Okafor, via Jordan Brenner of SB Nation:

“We were almost about to win that game against the Celtics and it ended up getting away from us in the fourth quarter,” Okafor says of that night in Boston. “I remember just being upset because I thought we were about to get our first win. And I just decided I’m going to go out that night. I don’t remember a lot of it, because I was really intoxicated. And me being drunk, I wasn’t in my right state of mind. I remember being taunted — just random stuff I would hear all the time on the court. I just reacted differently.”

Those early experiences hardened Okafor. He was shocked when the speeding ticket became major news, then again when a rumor spread that he’d used a fake ID at a bar near his house, an allegation he vehemently denies.

“I’m unsure if I’m still on the team,” Okafor says now. “Am I really a part of this process? Am I really a part of this culture? That’s why the guys have been out there on social media, but I’ve just kind of been in the dark. I’ll go to a Sixers event, smile, take pictures with the kids and stuff like that, but I’m still thinking, ‘am I a part of this team?’”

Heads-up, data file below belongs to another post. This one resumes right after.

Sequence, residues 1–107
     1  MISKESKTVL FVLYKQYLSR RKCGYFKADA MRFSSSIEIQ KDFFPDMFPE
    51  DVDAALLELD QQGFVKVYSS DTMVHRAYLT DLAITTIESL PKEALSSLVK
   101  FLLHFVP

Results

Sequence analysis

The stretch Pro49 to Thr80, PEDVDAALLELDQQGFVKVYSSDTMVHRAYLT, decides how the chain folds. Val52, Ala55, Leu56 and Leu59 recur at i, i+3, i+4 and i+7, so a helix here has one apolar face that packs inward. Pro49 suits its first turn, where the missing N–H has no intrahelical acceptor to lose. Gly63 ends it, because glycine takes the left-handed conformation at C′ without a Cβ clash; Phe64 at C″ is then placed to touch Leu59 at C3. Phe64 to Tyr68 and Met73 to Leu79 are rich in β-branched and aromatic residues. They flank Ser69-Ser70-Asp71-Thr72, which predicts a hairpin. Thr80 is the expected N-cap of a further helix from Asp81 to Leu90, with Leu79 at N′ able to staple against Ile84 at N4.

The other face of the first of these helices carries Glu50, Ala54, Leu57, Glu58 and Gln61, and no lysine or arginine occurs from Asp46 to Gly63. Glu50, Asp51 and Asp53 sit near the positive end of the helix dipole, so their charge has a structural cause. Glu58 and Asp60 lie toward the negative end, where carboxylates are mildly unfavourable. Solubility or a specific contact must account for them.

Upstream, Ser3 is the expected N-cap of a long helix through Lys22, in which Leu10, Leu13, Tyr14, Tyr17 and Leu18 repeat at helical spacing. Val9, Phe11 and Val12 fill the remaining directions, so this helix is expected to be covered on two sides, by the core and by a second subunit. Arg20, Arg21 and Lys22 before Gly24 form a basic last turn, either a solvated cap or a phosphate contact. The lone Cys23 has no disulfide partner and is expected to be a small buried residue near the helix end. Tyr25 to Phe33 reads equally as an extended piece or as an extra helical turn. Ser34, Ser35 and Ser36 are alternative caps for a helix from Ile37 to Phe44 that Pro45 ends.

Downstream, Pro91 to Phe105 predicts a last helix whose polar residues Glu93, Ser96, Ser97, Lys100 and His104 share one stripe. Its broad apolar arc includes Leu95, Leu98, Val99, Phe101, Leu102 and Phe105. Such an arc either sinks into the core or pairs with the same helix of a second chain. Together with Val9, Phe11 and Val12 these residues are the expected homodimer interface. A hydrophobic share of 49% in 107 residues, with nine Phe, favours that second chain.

The 76ers are openly shopping Okafor. They signed Amir Johnson when they already had Okafor and Richaun Holmes behind Embiid.

I don’t blame Okafor for feeling lost.

He obviously hasn’t always handled it the optimal way, but his anguish is understandable. He’d probably be better off with a fresh start elsewhere, and Philadelphia clearly wants to move on. It’s just a matter of finding the right trade.

For now, Okafor should focus on controlling what he can control. Easier said than done, though.